Many healthcare professionals find fibromyalgia difficult to believe as “a real disease” and most of all difficult to handle, and to be honest it is not so difficult to see why. Doctors and other healthcare professionals have learned how to search for diseases based on the specific symptoms the patients present, but fibromyalgia – and several other chronic pain syndromes – do not fit into that model.
The patients are presenting a broad spectrum of subjective symptoms and feelings that can not be objectified. A patient presenting a pain problem must in general be examined for the reason for the pain based on the localisation of the pain, but in conditions like fibromyalgia the pain is so widespread, that it is difficult to detect where it started and thereby to look for evidence for disease. The pain is “all over,” which actually is a part of the diagnostic criteria’s. What more is, the examination of the patient will often not show any specific signs of disease, and when diagnostic procedures like MRI and X-rays are used we find no signs of pathology or just hints of an explanation. Pharmaceuticals normally used for pain problems like NSAID and opioids are often prescribed, but they have only little or often no effect. And what more is, the condition is complicated with sleep problems, an extreme tiredness, mood disorders and more.
No wonder it is a challenge both for the health professional and for the patient whose proxies often also will find it difficult to understand and accept a situation with “pain all over,” with no signs of an explanation, not responding to what seems to be relevant pharmaceuticals and complicated with some psychological problems.
Presented with patients with these symptoms and sensations health professionals will often find their authority and self-image challenged, since the symptoms and complaints presented by the patients do not fit into to the normal biomedical frame for understanding and treating medical conditions, and into the traditional understanding of scientific and evidence based disease management, that are an deep and integrated part of our pride for what we do and how we work.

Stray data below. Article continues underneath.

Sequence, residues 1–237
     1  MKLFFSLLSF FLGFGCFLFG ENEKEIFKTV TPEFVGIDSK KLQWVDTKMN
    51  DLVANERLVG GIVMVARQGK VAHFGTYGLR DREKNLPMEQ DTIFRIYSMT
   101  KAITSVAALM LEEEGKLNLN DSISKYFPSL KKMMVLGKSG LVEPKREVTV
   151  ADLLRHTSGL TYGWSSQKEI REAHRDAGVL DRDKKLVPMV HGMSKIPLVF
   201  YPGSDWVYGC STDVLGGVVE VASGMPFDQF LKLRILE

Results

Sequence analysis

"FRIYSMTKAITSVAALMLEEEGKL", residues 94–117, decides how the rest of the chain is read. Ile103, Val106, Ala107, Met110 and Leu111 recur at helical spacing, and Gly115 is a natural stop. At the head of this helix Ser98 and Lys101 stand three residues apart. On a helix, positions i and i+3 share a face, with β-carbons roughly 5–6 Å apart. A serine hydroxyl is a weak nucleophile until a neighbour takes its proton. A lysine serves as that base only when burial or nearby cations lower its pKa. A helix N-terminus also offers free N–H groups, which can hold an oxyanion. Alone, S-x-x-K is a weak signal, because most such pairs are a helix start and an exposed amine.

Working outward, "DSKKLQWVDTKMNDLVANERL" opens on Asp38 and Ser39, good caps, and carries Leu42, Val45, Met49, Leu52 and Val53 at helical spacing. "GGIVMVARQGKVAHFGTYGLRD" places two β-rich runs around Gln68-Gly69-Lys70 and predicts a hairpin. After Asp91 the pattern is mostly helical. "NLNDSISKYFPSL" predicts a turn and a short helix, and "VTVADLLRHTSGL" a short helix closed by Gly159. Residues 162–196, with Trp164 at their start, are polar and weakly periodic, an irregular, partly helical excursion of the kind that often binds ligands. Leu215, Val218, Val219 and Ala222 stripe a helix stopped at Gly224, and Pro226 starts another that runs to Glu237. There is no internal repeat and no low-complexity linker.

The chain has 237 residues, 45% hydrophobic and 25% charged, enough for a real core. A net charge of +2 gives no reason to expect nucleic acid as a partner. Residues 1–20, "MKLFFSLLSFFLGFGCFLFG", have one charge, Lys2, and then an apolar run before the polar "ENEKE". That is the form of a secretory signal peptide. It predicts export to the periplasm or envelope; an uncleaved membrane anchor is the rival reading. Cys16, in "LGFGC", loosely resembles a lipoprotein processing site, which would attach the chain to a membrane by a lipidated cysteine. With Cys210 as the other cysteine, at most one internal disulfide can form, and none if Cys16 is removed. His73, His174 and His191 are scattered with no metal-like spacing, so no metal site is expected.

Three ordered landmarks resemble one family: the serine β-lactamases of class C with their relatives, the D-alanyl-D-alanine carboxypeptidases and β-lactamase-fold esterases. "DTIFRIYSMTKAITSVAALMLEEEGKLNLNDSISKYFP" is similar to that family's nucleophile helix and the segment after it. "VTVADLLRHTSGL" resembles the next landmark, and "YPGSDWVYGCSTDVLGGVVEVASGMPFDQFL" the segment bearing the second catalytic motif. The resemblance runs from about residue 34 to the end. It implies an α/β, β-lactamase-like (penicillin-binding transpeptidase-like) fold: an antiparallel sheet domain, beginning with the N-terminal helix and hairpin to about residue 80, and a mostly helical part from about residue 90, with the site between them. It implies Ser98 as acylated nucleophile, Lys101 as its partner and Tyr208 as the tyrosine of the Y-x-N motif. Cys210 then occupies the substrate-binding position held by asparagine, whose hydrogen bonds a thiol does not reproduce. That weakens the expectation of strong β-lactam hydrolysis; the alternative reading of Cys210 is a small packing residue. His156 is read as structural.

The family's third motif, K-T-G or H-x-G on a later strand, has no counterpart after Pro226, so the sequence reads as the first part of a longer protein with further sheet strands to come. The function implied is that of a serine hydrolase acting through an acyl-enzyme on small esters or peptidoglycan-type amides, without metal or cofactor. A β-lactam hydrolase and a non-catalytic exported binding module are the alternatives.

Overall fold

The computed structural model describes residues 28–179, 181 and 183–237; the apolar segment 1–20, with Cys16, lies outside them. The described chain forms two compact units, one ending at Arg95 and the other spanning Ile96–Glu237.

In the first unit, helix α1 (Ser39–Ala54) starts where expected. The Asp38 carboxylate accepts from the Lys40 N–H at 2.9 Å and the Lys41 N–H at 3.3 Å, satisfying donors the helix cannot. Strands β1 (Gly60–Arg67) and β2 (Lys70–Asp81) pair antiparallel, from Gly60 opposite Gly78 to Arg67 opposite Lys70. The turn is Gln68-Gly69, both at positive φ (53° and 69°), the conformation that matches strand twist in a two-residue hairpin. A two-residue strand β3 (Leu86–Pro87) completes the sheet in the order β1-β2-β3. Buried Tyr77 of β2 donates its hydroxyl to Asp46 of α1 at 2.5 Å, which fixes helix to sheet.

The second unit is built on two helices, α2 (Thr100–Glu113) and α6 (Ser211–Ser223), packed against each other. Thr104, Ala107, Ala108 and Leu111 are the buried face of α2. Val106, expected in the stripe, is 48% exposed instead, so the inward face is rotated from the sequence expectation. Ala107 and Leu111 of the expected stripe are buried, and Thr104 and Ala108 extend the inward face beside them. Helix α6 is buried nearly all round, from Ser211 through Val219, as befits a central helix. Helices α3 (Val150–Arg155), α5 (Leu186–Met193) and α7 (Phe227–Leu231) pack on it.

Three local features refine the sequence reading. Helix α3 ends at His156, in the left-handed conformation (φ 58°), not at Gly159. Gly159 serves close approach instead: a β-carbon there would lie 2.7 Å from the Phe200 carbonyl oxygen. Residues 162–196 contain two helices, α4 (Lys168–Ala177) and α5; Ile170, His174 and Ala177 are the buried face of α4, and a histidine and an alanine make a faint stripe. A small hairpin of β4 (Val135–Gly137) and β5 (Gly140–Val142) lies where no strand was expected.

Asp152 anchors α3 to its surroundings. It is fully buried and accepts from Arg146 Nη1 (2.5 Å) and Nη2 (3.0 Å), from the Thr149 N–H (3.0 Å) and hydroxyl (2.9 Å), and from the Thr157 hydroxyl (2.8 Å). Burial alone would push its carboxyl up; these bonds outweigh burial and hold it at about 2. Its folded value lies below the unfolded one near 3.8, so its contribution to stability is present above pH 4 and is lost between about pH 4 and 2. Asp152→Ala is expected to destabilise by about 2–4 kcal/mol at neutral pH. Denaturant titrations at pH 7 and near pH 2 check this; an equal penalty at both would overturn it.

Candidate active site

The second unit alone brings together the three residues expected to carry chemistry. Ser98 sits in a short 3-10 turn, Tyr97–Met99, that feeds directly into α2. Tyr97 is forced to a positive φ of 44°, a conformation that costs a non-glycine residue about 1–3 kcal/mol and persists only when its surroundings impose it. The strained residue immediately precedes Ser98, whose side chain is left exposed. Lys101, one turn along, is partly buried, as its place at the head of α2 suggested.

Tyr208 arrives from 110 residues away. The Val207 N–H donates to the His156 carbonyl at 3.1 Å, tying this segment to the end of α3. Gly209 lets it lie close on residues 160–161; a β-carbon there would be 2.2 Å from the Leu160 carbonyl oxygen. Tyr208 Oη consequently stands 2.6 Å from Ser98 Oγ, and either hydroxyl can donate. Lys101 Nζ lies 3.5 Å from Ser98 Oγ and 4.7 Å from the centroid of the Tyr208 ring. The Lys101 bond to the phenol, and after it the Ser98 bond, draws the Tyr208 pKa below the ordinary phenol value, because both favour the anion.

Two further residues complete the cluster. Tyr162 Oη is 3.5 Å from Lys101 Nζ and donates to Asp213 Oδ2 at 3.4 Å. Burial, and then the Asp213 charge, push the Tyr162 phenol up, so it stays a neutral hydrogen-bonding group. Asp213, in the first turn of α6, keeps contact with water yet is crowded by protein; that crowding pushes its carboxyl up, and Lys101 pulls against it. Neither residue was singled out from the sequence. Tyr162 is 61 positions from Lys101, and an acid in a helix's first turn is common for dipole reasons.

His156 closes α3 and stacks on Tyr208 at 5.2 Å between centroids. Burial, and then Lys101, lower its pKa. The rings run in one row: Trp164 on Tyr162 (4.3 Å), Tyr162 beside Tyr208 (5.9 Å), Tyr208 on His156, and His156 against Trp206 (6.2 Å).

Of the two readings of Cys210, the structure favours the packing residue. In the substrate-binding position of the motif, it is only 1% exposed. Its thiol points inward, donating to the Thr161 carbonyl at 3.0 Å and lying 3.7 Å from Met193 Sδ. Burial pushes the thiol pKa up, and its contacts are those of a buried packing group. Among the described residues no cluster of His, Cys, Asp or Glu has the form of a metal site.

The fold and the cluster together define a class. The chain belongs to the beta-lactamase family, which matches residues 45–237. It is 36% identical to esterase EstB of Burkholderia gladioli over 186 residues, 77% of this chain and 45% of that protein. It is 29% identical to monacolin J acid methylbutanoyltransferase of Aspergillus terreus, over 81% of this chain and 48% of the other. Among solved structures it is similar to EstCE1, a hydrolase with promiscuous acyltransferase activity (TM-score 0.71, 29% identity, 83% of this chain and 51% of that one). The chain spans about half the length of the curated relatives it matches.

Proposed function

In the same manner the patient’s relatives might find the condition difficult to accept and understand, which might lead to even further stigmatization and have huge social consequences.
From neuropsychological research we now know that our brain is constantly busy trying to find meaningful patterns, both when the data make sense and when they don’t. This is beyond our control, and it helps us constantly interacting with the world around us and helps us live a normal life, but it can also lead us the wrong way. Healthcare professionals presented with the symptoms of fibromyalgia might unconsciously, due to the lack of meaningful data, draw the wrong conclusion that it is a “clear psychological case,” and relatives might be led to disbelief. The person suffering from the condition might on the other hand be led to the belief that it must be possible to find an objective explanation for the pain and its consequences, that some kind of pathology must be found, based on the their learned experience that injury leads to pain and pain is due to an injury.
No, it is indeed not so difficult to understand why persons with fibromyalgia are met with disbelief and doubt by healthcare professionals, relatives and perhaps often by them selves.
But it is a fact, that fibromyalgia is a well-defined condition, composed of symptoms with widespread pain combined with cognitive and psychological symptoms. It is also a fact, that scientific research has provided us with a evidence and understanding of neurological changes and transformations leading to the complex neurological and psychological alterations composing syndromes like fibromyalgia, and also other chronic pain syndromes like nonspecific low back pain and whiplash syndrome.
Whether we trust this evidence or not is it should be quite obvious, that these persons are living with a low quality of life. We need to accept this, so we (both healthcare professionals and patients) can act to improve the condition even though the improvements often are minor, have long responding time and changes forward and backward over time. The conditions can not be cured but it can be treated. We need to educate patients, healthcare professionals, relatives and indeed politicians and other decision makers to have and to share an understanding of these conditions, and that we need to accept this to help those affected by the condition. We must learn those involved and responsible that it is not enough to look at the symptom “pain” but rather we must focus of the whole complex by trying to improve the quality of life based on knowledge.
Kim Kristiansen is a family physician in Denmark who blogs at Picture of Pain.
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